Amidst the whirlwind of numerous family gatherings, holiday parties, shopping trips, massive feasts, and mountains of leftovers, it suddenly dawned on me that 2018 is five days away… what?! It’s hard to believe how quickly this year flew by.
As it’s common to do this time of year, I started to think back on the last 12 months. Certaintly, this included personal reflection, as well as considerations of the training industry collectively. I was curious to hear from my peers, comprising Training and Learning and Development experts, and hear their insights, takeaways, and predictions on what will impact the training community within the next year.
Video Is Evolving
The use of video continues to increase in our industry. Because video has evolved, it makes it so versatile and effective in the training world. This year, one popular video-related trend was micro-learning.
“We consider video the most impactful delivery mechanism when it comes to software training,” says Linda Schwaber-Cohen, senior manager of Training, Skilljar. “This year, we focused on creating micro-learning content, because it makes updating the content easier as software updates roll out, and it’s more convenient for customers to find exactly what they’re searching for.”
Another hot industry trend was combining virtual reality (VR) and augmented reality (AR) with video for a unique training experience.
“This year, we focused on creating mixed reality experiences by incorporating VR with video,” notes Marco Faccini, non-executive director, Gamifcation Nation. “We felt video could aid with the learner’s understanding, and showcase both good and bad practice scenarios while immersed in the experience. For example, we would have the learner in VR working on a new process—while a video would be playing inside the environment—showing them how to complete the task.”
One Thing Is Certain—Nothing Is Certain
The training and development industry is always changing—it’s nearly impossible to know what new trend, technology, or practice will emerge.
“Training cannot be isolated from the intended performance environment,” says Trish Uhl, PMP, CPLP, senior project manager, Data Science Projects & People Analytics. “The learning experiences and solutions we design must be dynamic—not static. Seek and incorporate feedback, and don’t rely too heavily on a singular training asset.”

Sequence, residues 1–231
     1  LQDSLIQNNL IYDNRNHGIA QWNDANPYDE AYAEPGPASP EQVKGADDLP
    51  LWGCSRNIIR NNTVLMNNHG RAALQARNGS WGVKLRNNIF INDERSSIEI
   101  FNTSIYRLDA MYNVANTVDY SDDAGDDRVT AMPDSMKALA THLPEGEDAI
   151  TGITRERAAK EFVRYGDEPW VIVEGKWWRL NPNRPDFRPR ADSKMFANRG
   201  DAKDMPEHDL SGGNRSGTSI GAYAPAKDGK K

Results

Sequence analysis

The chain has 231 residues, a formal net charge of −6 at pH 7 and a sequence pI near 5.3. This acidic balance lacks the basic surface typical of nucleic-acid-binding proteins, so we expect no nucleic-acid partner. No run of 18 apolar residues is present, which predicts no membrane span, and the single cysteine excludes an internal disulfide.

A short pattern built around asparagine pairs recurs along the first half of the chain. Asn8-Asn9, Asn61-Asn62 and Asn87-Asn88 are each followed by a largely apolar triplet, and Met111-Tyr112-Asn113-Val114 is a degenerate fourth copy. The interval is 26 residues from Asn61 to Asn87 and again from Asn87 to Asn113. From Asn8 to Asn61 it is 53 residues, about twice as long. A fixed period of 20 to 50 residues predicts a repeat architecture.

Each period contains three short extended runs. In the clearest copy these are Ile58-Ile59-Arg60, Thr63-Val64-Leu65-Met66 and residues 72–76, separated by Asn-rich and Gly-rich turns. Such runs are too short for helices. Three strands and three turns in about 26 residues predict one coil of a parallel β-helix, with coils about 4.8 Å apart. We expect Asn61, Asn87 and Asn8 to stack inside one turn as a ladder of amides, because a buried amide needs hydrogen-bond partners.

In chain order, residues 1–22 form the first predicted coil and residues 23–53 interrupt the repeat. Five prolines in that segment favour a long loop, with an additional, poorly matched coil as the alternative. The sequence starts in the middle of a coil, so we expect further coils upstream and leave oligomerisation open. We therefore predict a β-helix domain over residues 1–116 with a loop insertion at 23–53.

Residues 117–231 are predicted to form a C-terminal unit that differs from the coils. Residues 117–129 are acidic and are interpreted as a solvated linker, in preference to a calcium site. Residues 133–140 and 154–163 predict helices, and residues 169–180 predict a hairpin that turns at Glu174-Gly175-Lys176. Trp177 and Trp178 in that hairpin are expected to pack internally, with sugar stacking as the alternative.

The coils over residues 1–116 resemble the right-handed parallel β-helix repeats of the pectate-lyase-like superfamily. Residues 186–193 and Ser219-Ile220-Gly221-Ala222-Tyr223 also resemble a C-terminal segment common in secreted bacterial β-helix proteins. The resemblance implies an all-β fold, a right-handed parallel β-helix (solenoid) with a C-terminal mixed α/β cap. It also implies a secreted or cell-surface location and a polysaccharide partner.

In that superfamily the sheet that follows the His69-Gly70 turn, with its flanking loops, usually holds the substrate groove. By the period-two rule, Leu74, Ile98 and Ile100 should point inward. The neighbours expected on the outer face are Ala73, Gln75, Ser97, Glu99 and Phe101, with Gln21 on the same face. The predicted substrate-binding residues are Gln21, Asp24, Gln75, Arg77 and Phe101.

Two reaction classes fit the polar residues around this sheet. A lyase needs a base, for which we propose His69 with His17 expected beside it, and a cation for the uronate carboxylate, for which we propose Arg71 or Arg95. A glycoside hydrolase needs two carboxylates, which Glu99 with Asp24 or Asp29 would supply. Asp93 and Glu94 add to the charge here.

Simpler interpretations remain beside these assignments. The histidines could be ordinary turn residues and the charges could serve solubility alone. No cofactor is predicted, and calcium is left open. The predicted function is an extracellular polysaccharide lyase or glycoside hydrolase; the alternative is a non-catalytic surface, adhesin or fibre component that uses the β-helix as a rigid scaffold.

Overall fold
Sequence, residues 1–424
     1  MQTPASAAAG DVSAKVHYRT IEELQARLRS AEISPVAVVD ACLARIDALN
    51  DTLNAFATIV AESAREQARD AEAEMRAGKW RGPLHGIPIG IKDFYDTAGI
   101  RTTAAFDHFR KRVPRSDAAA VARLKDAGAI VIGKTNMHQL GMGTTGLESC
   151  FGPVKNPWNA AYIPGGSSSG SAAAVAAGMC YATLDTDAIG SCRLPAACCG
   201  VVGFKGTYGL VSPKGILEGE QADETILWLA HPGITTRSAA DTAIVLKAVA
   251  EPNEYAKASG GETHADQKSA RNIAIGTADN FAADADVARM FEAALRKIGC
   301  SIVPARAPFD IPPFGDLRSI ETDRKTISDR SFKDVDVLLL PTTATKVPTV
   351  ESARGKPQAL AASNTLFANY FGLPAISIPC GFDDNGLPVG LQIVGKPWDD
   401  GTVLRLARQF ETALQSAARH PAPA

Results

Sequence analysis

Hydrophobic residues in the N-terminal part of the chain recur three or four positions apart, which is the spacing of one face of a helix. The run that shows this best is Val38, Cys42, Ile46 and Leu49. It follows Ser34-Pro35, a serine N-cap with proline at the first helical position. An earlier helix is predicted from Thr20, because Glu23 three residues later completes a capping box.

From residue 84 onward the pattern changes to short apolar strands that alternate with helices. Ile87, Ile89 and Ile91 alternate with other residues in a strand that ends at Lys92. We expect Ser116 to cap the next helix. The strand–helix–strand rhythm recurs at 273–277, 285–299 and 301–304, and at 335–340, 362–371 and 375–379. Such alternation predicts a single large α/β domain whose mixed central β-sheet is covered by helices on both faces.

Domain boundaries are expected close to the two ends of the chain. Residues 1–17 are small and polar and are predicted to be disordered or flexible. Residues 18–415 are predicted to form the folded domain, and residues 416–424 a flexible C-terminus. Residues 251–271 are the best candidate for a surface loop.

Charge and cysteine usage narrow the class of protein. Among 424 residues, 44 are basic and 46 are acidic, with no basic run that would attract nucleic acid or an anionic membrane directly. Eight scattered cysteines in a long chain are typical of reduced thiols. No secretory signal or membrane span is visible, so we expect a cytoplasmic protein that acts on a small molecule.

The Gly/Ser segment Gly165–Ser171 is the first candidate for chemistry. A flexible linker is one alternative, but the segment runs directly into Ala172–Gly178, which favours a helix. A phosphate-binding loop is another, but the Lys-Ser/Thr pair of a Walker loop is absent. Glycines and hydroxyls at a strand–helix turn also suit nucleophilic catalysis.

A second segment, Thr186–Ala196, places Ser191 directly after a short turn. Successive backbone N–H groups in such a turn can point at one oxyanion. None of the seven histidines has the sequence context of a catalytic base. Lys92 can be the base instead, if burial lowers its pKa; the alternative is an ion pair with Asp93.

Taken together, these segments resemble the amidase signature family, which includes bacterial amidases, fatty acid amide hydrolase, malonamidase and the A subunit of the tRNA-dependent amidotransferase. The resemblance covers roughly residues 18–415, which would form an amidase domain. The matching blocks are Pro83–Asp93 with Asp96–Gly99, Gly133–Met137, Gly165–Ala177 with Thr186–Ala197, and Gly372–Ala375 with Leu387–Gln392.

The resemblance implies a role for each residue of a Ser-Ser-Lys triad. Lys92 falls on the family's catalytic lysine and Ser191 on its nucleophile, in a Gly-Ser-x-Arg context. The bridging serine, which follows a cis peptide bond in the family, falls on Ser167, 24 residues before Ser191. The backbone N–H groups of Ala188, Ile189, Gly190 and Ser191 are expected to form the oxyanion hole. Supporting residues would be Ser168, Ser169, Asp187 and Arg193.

While tapping into new industry trends is exciting, there is a need for our industry to evolve toward something more dynamic in order to survive from a business perspective. “I don’t think we’re evolving fast enough to stick around for more than another few years,” predicts Sam Rogers, president, Snap Synapse. “It’s not about the newest trend or flashy developments—what really matters is creating and delivering quantifiable value. If we don’t learn to embrace and integrate the data about what we do, someone else will.”
In addition to quantifying what you’re doing now, it’s important to always be thinking one step ahead—like a carpenter who makes stairs. “Everything we do today must be revisited tomorrow,” says Jill Calvert, Web Learning designer, Paychex Inc. “Innovation drives everything we do, so our training content must keep up. It’s imperative for us to constantly be preparing for what’s next, so our content aligns with business objectives and helps drive our roadmap for the future.”
Looking ahead to 2018, it’s no surprise that VR and AI will continue to be key technology trends in our industry. But what we need to be dedicated to as a community is demonstrating ROI through data-driven results. More importantly, as an industry, we must be nimble. This isn’t just a buzzword or trend—it’s an obligation we have to ourselves, and to the future of our profession.
“Next year’s biggest trend is about agile, quick solutions that make the workforce nimble,” says Zsolt Olah, author of “Engaging the WORL&D!” “Employee engagement will be top again as keeping talent is huge for innovation, setting the stage for human-centered designs to be a top trend.”
The bottom line is that today’s workforce is more agile than ever. If we’re not able to keep up, we’ll be left behind. “Faster, more agile development methods already are starting to replace old, cumbersome ways of creating content,” says Craig Sybert, Training and Development specialist, Navy Mutual Aid Association. “Society is pushing for quick learning in both content and creation, as the multi-generational workforce dynamic continues to shift and evolve.”
Matt Pierce is Learning & Video ambassador at TechSmith Corp., the go-to company for visual communication. TechSmith empowers people to create remarkable content to share knowledge and information. A graduate of Indiana University’s School of Education’s Department of Instructional Systems Technology, Pierce has more than 10 years of experience working in learning and development with a focus on visual instruction. He has directly managed the training, user assistance, video, and other teams for TechSmith.